Fred was an incredible communicator; but I don’t think I could remember a time when people listened more intently to what he said than after he died. Jesus too! Only, in the case of Jesus, it wasn’t a video. It was the real deal.

But there is more. If Jesus isn’t providing fertilizer for flowers outside Jerusalem, then the darkness and meaninglessness that we all encounter dissipates in the light of an “echo of eternity.” Jesus said, “I came that they may have life and have it abundantly” (John 10:10). Camus—the late French atheist and existentialist—said that the only issue for the thinking person is the question of suicide. He subscribed to the “men must work, and women must weep…and the sooner it’s over, the sooner to sleep” philosophy. But Camus was also fascinated by Christ, as well he should have been. It is the only place where men don’t just work and women don’t just weep. It’s the place where they laugh and dance in the dark, aware that they are valuable and their lives have meaning.

And then, of course, Jesus didn’t just die and come back from the dead. He said we could too! “And everyone who lives and believes in me,” Jesus said, “shall never die” (John 11:26). You can hang your hat on that because the only One who has been there and come back to talk about it said so. If you want to know about the law, talk to a lawyer; or about religion, talk to me. If you want to know about philosophy or engineering, talk to a philosopher or an engineer. But if you want to know about death, there is only one place you can go…and that’s to the dead man, Jesus, who got out of his grave and came back to talk about it.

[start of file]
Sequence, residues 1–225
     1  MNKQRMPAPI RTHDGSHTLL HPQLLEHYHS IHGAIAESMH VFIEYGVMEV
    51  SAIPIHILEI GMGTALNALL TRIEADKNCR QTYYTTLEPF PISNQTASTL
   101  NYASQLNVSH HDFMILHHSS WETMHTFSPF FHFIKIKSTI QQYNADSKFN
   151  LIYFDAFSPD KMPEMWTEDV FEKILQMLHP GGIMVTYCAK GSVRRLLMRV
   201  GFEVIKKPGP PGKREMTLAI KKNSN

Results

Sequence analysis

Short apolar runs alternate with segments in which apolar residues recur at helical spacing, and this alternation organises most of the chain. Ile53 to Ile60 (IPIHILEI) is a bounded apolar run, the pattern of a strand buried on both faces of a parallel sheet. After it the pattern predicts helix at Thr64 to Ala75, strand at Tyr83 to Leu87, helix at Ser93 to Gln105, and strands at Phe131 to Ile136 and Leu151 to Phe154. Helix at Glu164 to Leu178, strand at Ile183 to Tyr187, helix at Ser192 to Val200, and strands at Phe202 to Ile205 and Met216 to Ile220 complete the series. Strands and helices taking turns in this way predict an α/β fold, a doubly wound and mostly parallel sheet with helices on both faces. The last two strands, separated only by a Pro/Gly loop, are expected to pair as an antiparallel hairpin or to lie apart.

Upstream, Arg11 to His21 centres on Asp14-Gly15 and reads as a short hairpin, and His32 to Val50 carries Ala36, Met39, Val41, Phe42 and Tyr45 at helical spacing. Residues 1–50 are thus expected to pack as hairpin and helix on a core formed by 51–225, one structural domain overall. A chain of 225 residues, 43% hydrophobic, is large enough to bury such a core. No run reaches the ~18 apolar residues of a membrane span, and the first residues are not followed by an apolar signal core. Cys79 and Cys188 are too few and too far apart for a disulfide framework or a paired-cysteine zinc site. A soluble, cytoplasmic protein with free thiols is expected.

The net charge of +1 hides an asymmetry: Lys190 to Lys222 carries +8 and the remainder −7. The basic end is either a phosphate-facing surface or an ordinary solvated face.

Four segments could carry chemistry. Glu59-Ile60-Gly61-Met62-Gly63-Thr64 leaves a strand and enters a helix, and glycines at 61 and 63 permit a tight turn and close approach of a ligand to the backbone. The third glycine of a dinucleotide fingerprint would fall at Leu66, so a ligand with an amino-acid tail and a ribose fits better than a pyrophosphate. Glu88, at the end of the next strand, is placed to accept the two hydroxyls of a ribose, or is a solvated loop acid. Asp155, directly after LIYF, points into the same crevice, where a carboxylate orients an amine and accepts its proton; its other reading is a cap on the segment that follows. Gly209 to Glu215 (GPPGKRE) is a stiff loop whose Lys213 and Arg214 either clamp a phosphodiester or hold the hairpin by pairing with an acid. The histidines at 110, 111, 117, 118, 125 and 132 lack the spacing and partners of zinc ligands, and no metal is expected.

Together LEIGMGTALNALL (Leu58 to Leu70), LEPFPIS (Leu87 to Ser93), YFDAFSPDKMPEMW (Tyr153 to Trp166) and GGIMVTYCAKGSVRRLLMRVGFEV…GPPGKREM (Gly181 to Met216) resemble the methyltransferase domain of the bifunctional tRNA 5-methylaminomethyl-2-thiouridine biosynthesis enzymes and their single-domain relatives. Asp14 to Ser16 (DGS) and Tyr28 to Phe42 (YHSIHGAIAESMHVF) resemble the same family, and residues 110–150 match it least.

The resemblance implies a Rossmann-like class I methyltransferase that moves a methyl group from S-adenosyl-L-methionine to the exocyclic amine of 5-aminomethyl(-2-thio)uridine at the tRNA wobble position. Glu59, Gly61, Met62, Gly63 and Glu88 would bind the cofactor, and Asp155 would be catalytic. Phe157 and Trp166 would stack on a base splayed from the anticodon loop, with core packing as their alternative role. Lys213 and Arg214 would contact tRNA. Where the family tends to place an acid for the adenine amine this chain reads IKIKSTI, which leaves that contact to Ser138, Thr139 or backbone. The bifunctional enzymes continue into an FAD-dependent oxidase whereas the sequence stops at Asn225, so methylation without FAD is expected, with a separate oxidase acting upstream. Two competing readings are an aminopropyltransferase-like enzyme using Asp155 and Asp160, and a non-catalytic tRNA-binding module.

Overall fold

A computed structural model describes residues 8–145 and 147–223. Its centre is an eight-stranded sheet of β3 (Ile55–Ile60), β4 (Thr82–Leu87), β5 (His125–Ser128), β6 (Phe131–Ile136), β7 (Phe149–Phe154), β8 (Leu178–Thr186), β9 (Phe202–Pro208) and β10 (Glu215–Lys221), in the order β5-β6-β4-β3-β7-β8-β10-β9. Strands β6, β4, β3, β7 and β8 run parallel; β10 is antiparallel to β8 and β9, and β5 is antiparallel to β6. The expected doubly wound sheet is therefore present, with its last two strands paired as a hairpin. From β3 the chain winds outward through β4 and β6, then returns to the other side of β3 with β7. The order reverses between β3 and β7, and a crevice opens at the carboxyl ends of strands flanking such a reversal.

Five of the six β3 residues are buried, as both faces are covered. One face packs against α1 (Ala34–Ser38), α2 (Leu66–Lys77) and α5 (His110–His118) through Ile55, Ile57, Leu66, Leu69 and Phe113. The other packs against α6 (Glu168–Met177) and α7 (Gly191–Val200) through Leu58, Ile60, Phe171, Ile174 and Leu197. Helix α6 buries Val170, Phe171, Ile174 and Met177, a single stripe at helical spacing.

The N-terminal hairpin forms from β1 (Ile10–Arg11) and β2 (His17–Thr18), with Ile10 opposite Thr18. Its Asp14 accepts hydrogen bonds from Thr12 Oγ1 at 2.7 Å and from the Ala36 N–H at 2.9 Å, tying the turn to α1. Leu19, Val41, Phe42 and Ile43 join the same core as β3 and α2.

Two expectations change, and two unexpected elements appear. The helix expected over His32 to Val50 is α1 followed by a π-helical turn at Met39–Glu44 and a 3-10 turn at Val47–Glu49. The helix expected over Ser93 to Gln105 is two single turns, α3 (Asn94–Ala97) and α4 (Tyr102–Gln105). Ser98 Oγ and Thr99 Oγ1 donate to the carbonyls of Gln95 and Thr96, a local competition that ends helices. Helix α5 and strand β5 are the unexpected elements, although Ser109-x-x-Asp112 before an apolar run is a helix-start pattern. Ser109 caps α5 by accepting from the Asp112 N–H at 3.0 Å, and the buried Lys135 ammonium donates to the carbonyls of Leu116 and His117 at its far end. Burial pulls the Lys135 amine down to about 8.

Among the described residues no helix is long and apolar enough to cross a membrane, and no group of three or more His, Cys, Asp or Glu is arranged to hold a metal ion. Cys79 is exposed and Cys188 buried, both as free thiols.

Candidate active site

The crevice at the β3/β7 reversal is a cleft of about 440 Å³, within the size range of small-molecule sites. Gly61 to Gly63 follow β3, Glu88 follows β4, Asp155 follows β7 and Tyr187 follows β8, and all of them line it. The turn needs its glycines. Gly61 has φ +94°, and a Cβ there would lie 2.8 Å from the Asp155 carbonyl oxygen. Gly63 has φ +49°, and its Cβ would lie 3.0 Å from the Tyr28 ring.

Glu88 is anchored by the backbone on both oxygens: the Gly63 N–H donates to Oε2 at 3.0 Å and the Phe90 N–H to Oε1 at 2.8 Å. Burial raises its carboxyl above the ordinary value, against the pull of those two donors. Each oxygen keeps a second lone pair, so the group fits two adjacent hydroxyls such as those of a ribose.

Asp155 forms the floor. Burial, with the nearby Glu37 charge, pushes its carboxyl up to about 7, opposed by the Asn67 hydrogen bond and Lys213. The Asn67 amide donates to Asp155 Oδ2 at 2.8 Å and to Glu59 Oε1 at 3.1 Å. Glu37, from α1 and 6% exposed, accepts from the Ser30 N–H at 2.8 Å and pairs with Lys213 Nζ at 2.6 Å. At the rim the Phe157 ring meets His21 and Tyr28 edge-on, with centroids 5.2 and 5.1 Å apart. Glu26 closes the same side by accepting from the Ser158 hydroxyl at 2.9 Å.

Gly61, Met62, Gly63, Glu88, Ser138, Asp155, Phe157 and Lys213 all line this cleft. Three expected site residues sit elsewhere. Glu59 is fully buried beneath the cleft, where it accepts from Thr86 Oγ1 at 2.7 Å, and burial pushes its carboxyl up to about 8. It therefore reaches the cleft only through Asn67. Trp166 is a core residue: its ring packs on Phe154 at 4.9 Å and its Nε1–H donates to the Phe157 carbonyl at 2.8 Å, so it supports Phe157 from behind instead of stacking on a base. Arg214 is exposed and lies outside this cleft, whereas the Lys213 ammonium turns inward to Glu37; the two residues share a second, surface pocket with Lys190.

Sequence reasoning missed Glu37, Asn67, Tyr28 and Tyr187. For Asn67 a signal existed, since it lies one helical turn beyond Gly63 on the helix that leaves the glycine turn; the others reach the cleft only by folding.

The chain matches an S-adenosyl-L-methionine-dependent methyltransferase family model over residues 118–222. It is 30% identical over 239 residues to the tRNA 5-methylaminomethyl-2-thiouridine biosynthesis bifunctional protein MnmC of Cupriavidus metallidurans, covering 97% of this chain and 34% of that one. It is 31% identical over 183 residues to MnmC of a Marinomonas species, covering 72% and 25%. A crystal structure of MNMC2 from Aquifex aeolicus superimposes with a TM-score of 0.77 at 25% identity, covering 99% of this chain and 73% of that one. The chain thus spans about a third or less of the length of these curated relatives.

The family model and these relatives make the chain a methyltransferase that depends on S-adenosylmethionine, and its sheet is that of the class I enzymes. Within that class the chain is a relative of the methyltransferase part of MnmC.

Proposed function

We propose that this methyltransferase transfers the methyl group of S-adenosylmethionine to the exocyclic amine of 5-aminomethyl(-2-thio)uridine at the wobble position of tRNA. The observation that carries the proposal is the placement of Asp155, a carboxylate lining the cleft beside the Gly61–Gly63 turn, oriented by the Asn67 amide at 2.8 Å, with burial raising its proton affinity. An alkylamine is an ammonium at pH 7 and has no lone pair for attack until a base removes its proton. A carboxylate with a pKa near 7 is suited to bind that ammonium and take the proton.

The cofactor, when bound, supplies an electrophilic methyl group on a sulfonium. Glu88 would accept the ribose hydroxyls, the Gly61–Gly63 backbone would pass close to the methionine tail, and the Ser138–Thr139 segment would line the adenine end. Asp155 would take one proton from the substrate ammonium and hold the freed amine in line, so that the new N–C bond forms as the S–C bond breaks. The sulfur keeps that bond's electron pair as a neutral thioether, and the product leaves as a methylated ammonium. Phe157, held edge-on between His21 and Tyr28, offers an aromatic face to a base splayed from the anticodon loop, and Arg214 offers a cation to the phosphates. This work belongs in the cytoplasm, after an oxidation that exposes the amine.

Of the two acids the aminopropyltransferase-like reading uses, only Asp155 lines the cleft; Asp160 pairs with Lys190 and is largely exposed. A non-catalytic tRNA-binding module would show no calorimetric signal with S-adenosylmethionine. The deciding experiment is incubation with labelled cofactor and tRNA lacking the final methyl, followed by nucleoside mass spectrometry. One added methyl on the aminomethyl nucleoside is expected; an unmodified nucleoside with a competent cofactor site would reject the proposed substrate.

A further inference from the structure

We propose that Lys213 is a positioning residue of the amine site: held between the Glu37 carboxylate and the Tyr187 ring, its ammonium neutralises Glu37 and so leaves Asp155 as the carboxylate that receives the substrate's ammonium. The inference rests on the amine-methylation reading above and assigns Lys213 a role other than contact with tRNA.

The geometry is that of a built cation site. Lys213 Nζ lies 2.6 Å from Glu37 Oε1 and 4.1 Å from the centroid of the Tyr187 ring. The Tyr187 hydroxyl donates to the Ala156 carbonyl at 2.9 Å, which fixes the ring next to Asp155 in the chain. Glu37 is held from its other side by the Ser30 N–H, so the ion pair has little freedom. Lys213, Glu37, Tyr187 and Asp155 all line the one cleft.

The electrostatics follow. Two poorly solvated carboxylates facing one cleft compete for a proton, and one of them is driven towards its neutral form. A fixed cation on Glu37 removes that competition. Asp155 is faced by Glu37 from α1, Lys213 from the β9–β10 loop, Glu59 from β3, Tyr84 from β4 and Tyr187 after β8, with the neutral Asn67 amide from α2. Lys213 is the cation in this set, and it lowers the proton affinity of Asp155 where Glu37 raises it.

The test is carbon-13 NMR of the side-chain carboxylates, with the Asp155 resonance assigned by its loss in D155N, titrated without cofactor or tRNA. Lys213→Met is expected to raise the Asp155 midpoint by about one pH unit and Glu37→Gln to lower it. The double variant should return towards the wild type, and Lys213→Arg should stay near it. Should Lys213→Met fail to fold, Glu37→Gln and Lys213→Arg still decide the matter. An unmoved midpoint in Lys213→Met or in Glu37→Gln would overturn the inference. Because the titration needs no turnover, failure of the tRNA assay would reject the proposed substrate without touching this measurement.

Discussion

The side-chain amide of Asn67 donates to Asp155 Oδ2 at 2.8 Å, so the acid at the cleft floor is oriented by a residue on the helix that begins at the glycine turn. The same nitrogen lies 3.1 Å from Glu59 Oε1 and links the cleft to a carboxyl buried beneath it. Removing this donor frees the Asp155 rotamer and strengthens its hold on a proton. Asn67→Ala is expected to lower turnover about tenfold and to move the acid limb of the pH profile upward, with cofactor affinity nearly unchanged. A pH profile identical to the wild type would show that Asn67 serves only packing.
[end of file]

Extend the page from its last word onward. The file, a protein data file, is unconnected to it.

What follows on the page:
Yeah, Christians make a big deal out of Easter. That’s because in a very dark world, that’s where the light is. Throughout the world, persecution of Christians is on the rise. The world is divided by war, hatred and devastation. In America they have given social media microphones over to incredibly loutish and hate-filled rhetoric. Moral absolutes have been turned on their head, and the definitions of right, wrong, good, bad, hate and love have been revised and updated. As Cyprian, the third century bishop of Carthage, wrote to his friend: “It really is a bad world, Donatus, an incredibly bad world. Yet in the midst of it, I have found a quiet and holy people…They are despised and persecuted, but they care not. They have overcome the world. These people, Donatus, are the Christians…and I am one of them.”

As I watched CSI and saw the dilapidated stadium, it became almost a metaphor of the dark and corruption in the world. And then I thought about an old song from the 50’s, “This Ole House,” written by Stuart Hamblen and made popular by Rosemary Clooney.

The lyrics apply to the stadium, the world and, of course, to us…especially at Easter:

This ole house once rang with laughter

This ole house heard many shouts

Now she trembles in the darkness

When the lightnin’ walks about

Ain’t a-gonna need this house no longer

Ain’t a-gonna need this house no more

Ain’t got time to fix the shingles

Ain’t got time to fix the floor

Ain’t got time to oil the hinges

Nor to mend no windowpane

Ain’t a-gonna need this house no longer

She’s a-getting’ ready to meet the saints

So this Easter in the dark, there is light…clear, bright and reassuring.